No law authorizes this power nor is there any judicial or congressional body overseeing or regulating what DHS is doing. And the citizens to whom this is done have no recourse — not even to have their property returned to them.
FBI Run Amok
In a review of nearly 2,500 pages of documents released by the Federal Bureau of Investigation as a result of a Freedom of Information Act lawsuit the Electronic Frontier Foundation revealed what I would call alarming trends in the Bureau’s intelligence investigation practices. The documents suggest that FBI intelligence investigations have compromised the civil liberties of American citizens far more frequently, and to a greater extent, than previously assumed.
These FBI flagrant legal violations included submitting false or inaccurate declarations to courts, using improper evidence to obtain federal grand jury subpoenas and accessing password protected documents without a warrant. In at least one fifth of the cases specific violations of the U.S. Constitution were cited.
Based on a review of reports by the FBI top its own Intelligence Oversight Board, from 2001 to 2008, the FBI admitted approximately 800 violations of the Constitution, laws, executive orders, or regulations governing intelligence investigations, although it is likely that significantly under-states the actual number of violations.
From 2001 to 2008, the FBI investigated, at minimum, 7000 potential intelligence violations. Based on the proportion of violations reported to the IOB and the FBI’s own statements regarding the number of violations, the actual number of violations that may have occurred from 2001 to 2008 could approach 40,000 possible violations of law, executive order, or other regulations governing intelligence investigations.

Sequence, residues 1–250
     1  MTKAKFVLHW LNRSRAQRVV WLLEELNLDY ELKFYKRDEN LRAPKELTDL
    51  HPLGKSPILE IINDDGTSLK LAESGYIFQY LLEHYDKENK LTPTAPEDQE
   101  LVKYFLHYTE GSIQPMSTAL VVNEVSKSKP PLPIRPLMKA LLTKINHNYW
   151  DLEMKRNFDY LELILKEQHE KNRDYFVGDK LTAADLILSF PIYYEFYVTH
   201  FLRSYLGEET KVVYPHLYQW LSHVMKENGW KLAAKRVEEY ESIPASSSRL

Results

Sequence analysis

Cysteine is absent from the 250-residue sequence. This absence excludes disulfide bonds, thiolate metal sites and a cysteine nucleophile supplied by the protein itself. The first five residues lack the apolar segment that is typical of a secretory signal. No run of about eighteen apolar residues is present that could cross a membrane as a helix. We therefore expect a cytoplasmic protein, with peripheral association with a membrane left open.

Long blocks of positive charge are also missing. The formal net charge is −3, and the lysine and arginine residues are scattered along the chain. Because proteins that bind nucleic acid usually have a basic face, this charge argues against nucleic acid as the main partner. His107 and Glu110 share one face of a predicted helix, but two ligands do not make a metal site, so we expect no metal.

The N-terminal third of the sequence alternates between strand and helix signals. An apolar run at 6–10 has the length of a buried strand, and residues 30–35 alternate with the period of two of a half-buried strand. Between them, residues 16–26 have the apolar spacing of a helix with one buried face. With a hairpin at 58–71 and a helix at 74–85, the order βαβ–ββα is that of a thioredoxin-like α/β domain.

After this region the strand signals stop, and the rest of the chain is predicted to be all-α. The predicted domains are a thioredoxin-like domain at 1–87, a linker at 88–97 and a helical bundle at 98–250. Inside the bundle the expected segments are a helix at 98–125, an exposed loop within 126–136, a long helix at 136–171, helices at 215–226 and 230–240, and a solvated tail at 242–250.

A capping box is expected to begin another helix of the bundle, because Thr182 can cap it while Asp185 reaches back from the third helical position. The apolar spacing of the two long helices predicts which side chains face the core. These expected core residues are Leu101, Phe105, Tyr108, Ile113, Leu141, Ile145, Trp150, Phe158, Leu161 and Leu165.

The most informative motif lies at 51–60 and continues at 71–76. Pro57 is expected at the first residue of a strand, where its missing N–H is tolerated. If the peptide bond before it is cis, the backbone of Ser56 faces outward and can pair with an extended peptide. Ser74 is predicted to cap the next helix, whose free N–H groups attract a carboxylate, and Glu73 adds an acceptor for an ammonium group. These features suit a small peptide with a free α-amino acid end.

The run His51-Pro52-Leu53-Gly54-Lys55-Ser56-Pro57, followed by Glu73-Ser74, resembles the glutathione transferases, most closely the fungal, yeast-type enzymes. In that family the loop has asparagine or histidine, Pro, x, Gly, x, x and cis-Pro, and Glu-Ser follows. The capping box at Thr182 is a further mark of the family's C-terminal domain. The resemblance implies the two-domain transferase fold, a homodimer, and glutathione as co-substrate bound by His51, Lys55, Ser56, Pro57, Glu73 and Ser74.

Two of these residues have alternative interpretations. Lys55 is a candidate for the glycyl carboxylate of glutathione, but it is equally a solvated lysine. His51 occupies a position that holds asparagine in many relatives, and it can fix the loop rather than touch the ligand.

One year ago, the Inspector General’s Office, the independent DoJ audit arm, issued a lengthy report detailing that the FBI, for the years 2003-2005, had used “National Security Letters” (NSLs) to gather information on thousands of Americans in violation of the law. Under the PATRIOT Act, “NSLs” permit the FBI and other federal agencies to obtain all sorts of invasive information from telecoms, Internet and email providers, even health care providers, without any judicial warrants or any other oversight of any kind.